‘New Year, new you!’ is synonymous with January. A new and improved version of ourselves will apparently be ours if we buy this or sign up for that.
A new year with a new beginning is very attractive. Rather like newly fallen snow covers grime, New Year resolutions are sometimes seen as a way of obliterating imperfections. So we promise ourselves we won’t do this or that anymore. But all too often, a few hours or days or weeks later, our grimy side resurfaces like familiar landmarks emerge from thawing snow.
Truth is, my track record of keeping New Year resolutions is poor. So this year before making any, I’ve been thinking about why I’ve failed on so many occasions, and what needs to be different.
Resolutions are sometimes likened to activating a reset button.
But we are human beings, not machines.
We cannot ‘reset’ ourselves because our present is influenced by our past. We can’t delete our pain at the touch of a button, nor can we wipe sadness away in a simple stroke. But we do have a choice in how we respond to our life experiences – we can become better people with authentic empathy and wisdom, or we can become caustic and bitter.
So resolutions aren’t magic buttons that delete our past, but they can set us on positive paths – nudging us to change the things we can, while accepting the things we can’t alter.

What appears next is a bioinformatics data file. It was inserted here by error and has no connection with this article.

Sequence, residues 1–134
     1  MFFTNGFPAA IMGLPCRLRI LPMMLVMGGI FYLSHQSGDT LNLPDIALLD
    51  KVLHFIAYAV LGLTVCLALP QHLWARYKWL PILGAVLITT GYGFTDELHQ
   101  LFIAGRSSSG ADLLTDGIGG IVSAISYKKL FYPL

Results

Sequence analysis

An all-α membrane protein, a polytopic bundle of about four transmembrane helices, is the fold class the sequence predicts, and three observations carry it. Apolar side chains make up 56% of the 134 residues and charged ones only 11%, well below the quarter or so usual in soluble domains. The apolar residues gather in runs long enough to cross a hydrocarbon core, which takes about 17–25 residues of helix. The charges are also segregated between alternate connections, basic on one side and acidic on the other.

Being realistic is probably the key to success. Frequently, resolutions are big and bold and while there’s nothing wrong in having high hopes, a goal without a realistic plan is just a wish.
Wishful thinking is having a ‘One day…’ attitude and less likely to lead to fulfilled hopes than a ‘Day One’ approach.
If we make today ‘Day One’ and take one small step to our bigger goal, then it will be a good start to Day Two, and so on.
As well as being realistic in the goals we set, we need to recognise that we will have days when we fall short. How many resolutions are ditched at the first hitch – we do what we said we wouldn’t, or don’t do what we said we would, and so we give up and probably feel guilty. It’s at this point, that as a believer I remember that fresh starts are God’s specialism. An Anglican prayer of confession sums it up in the words:
‘Forgive what we have been,
help us to amend what we are,
and direct what we shall be’
God is sometimes perceived as the author of ‘thou shalt nots’, but actually I believe that ‘thou shalt’ is more God’s line. Our negative attitudes and actions are far more effectively resolved when they are displaced by positives. In the same way, New Year resolutions are more effective when they add something into our pattern of life rather than remove something from it.
Happy New year!
Truth is… Anyone who is joined to Christ is a new being; the old is gone, the new is come. 2 Corinthians 5:17